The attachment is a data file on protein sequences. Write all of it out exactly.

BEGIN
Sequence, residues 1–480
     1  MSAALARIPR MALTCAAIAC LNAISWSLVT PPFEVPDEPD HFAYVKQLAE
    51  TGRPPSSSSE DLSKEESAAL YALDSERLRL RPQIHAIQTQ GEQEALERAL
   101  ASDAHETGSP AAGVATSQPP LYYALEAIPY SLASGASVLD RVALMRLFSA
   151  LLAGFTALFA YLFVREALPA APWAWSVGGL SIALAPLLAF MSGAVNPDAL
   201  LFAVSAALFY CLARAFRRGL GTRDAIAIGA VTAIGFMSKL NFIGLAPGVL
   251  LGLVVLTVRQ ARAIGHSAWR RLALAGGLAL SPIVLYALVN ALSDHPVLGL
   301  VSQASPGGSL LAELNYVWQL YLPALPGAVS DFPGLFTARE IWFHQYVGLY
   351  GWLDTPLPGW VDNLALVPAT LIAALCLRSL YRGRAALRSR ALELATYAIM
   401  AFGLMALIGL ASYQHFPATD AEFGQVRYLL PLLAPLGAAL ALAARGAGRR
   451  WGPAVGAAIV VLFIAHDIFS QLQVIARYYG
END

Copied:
Sequence, residues 1–480
     1  MSAALARIPR MALTCAAIAC LNAISWSLVT PPFEVPDEPD HFAYVKQLAE
    51  TGRPPSSSSE DLSKEESAAL YALDSERLRL RPQIHAIQTQ GEQEALERAL
   101  ASDAHETGSP AAGVATSQPP LYYALEAIPY SLASGASVLD RVALMRLFSA
   151  LLAGFTALFA YLFVREALPA APWAWSVGGL SIALAPLLAF MSGAVNPDAL
   201  LFAVSAALFY CLARAFRRGL GTRDAIAIGA VTAIGFMSKL NFIGLAPGVL
   251  LGLVVLTVRQ ARAIGHSAWR RLALAGGLAL SPIVLYALVN ALSDHPVLGL
   301  VSQASPGGSL LAELNYVWQL YLPALPGAVS DFPGLFTARE IWFHQYVGLY
   351  GWLDTPLPGW VDNLALVPAT LIAALCLRSL YRGRAALRSR ALELATYAIM
   401  AFGLMALIGL ASYQHFPATD AEFGQVRYLL PLLAPLGAAL ALAARGAGRR
   451  WGPAVGAAIV VLFIAHDIFS QLQVIARYYG